Housing and Health in Los Angeles

By: Christopher Clark

Housing policy has a profound impact on public health in Los Angeles. Housing unaffordability, residential instability, and poor living conditions have all been linked to serious mental and physical health problems among adult residents, as well as developmental problems in children. These three areas of housing policy (affordability, stability, and quality) are interrelated: when housing becomes less affordable, residents are more likely to lack a consistent place to sleep[1] and more likely to live in unsafe and unclean units.[2] Understanding the health impacts of these three elements of housing policy is vital for promoting public health and alleviating health disparities.

 

Housing Unaffordability

Over half of all households in Los Angeles County are cost burdened, meaning they spend 30% or more of their monthly income on rent or mortgage payments.[3] As housing prices in Los Angeles increase, families have less and less money to spend on other necessities, such as food and medical care.[4]

  • Cost burdened families have to choose between seeing a doctor and paying the rent. As a result, families living in unaffordable housing are three times more likely than other families to avoid seeing a doctor about a health problem, forgo purchasing prescription medicine, or leave mental health problems untreated.[5] People who spend over half of their monthly income on housing have it even worse, spending an average of 74% less on healthcare than people who live in affordable housing and have similar incomes.[6]
  • With so much of their income going towards housing, families are struggling to put food on the table. Los Angeles County residents who had trouble paying their rent or mortgage were twice as likely to experience “low food insecurity” (decreased quality and variety of diet) and four times as likely to have “high food insecurity” (disrupted eating habits and reduced food intake), compared to otherwise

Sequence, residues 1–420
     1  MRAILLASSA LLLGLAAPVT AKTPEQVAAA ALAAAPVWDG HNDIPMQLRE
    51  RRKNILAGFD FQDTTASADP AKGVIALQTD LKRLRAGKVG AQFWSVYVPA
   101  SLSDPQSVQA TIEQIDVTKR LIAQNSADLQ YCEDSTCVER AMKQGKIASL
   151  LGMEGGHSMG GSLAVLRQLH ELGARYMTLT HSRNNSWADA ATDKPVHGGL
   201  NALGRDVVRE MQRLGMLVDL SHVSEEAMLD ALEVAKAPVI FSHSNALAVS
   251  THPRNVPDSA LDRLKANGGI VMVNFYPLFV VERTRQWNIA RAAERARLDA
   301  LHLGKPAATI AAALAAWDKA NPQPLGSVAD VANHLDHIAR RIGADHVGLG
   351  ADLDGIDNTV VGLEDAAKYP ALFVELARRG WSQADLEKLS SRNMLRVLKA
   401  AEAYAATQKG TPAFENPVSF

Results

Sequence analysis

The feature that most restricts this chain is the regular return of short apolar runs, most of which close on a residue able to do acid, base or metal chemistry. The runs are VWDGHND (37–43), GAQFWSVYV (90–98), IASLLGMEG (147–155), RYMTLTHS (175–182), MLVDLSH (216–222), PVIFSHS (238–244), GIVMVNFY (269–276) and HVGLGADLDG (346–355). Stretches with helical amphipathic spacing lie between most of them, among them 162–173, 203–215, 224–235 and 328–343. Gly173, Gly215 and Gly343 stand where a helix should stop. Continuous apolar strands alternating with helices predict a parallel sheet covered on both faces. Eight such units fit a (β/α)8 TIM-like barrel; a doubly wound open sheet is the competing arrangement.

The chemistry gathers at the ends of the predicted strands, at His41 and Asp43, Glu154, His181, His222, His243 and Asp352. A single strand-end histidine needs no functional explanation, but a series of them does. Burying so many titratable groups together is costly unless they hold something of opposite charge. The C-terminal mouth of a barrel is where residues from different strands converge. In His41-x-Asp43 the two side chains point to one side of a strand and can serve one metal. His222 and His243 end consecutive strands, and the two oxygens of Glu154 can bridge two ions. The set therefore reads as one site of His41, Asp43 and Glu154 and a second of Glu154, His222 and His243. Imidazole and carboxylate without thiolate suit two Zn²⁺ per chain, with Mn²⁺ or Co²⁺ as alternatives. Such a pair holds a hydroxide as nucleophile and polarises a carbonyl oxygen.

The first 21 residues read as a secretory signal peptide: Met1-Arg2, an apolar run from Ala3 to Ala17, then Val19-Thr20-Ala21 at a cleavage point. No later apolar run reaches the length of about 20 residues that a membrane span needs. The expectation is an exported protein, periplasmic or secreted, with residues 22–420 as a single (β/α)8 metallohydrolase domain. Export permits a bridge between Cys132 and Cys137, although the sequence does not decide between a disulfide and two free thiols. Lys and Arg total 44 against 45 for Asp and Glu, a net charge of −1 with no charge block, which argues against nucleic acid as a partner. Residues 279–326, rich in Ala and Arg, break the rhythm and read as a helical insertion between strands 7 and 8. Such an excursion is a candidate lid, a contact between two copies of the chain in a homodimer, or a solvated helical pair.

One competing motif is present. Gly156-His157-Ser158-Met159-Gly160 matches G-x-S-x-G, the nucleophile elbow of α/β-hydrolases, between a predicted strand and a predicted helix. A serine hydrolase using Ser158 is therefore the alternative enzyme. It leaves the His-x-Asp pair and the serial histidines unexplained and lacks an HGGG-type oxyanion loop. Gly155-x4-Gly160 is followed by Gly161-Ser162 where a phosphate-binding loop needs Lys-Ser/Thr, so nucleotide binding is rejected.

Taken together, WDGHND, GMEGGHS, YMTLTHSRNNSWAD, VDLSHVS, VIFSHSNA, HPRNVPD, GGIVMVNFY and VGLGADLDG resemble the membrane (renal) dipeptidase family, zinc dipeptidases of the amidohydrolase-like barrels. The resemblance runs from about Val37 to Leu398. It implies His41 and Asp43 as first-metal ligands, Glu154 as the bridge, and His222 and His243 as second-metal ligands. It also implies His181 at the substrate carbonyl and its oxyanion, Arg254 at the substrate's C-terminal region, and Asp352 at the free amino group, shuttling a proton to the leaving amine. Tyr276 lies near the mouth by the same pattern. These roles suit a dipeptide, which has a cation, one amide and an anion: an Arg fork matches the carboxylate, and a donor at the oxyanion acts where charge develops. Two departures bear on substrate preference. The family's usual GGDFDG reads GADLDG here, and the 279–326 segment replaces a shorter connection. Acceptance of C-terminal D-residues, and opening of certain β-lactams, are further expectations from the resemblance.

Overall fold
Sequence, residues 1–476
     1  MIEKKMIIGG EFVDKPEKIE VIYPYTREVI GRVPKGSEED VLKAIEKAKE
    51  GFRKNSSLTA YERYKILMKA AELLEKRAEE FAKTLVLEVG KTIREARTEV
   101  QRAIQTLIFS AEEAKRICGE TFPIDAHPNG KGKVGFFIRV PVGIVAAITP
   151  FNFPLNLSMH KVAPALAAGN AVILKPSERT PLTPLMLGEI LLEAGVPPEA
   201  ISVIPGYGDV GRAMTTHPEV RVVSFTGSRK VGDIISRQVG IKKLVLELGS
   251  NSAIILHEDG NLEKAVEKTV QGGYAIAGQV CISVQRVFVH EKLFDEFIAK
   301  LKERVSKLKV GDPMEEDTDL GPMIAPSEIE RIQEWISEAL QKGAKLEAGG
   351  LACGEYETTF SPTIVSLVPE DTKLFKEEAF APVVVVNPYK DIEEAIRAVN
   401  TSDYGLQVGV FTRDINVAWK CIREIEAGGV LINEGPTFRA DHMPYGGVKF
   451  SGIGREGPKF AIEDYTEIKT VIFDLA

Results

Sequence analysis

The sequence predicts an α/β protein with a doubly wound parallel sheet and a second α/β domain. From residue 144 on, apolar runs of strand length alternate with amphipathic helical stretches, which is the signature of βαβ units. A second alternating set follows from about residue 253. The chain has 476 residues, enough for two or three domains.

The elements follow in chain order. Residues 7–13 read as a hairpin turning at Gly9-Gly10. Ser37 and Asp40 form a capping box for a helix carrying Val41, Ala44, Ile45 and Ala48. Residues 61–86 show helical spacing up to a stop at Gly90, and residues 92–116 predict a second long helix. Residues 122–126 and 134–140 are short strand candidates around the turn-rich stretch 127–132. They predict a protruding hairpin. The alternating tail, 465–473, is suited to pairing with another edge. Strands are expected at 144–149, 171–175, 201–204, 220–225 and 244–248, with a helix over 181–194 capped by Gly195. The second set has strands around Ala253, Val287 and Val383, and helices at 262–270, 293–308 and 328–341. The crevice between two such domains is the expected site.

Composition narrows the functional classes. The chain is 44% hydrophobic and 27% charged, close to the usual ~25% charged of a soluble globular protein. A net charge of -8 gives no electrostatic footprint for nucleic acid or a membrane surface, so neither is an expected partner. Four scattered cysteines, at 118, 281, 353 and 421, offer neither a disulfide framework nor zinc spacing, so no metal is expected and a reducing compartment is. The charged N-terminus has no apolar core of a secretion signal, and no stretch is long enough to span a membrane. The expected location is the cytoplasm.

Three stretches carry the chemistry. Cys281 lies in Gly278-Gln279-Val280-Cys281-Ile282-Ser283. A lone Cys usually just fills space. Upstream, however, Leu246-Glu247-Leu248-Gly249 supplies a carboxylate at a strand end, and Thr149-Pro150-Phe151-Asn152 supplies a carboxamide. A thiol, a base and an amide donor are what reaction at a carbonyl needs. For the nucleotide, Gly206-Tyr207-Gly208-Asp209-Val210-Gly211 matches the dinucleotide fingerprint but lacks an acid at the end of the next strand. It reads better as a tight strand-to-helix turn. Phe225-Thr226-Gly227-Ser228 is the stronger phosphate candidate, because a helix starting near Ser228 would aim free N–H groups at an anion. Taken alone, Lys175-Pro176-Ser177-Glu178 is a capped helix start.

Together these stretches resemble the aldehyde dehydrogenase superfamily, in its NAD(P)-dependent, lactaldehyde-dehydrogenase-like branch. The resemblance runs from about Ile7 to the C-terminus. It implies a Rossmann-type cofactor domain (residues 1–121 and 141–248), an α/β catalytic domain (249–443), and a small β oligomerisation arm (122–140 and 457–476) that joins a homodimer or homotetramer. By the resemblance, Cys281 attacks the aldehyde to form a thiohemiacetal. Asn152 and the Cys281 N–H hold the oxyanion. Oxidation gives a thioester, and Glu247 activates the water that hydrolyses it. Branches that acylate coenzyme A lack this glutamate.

similar residents in affordable housing.[7] Renters are particularly at risk—a nationwide study found that a $500 increase in yearly rental costs on average leads to a 3% spike in food insecurity rates.[8]

  • Cutting corners like this takes a serious toll on the health of residents. Compared to people who can afford their housing, cost burdened residents have significantly worse self-reported physical health,[9] unhealthier diets,[10] and twice the risk of clinical depression.[11] If a family becomes food insecure, more than just nutrition suffers. Food insecurity hinders brain and cognitive development for very young children,[12] makes adolescents more likely to develop depressive disorder and suicidal symptoms,[13] and leads to poorer overall health for elderly residents.[14]

 

Housing Instability

Though housing instability is most often associated with homelessness, less visible forms of instability, like switching residences multiple times per year or having to stay with friends or family, also carry serious health consequences.

  • Without a stable place to call home, residents can’t get consistent and adequate medical care. A study of low-income Americans found that people who had to move in with family or friends were less likely than those with residential stability to have a consistent source of medical care, see a doctor when they need to, or purchase prescription drugs.[15]
  • An unstable housing situation damages mental health. Adults with housing instability in Los Angeles County were found to have triple the risk of major depression as residents with stable housing.[16] Mothers who had to move twice in two years were at higher odds of generalized anxiety disorder and depression, independent of their socioeconomic status.[17] Children who grew up with high rates of residential change exhibited more behavioral problems during childhood and more risk-taking behaviors during adolescence than children living in stable housing.[18]

 

Poor Living Conditions

When the housing market is unaffordable or unstable, families are forced to settle for dangerous living arrangements and unsafe units. Housing instability[19] and high cost burdens[20] have both been linked with increased rates of overcrowding and problems with pests or mold.

  • Living in overcrowded conditions weakens physical and mental health. Household overcrowding allows dangerous diseases, such as hepatitis A, pneumonia, meningococcal disease, and tuberculosis, to infect higher rates of people.[21] It also strains important social support systems, leading to higher rates of psychological distress among overcrowded adults.[22] Children are affected too—important developmental measures, such as elementary school reading test scores and early IQ scores, are significantly lower for children living in overcrowded conditions than for other socioeconomically similar children.[23]
  • In low-quality housing, residents are exposed to dangerous substances that jeopardize their health. Low-income families are more likely to live alongside pests[24] and mold,[25] both of which have been shown to aggravate asthma and other chronic respiratory conditions.[26] Having pests, like mice and cockroaches, often drives families to use dangerous pesticides, increasing their risk of acute poisonings and developing cancer.[27]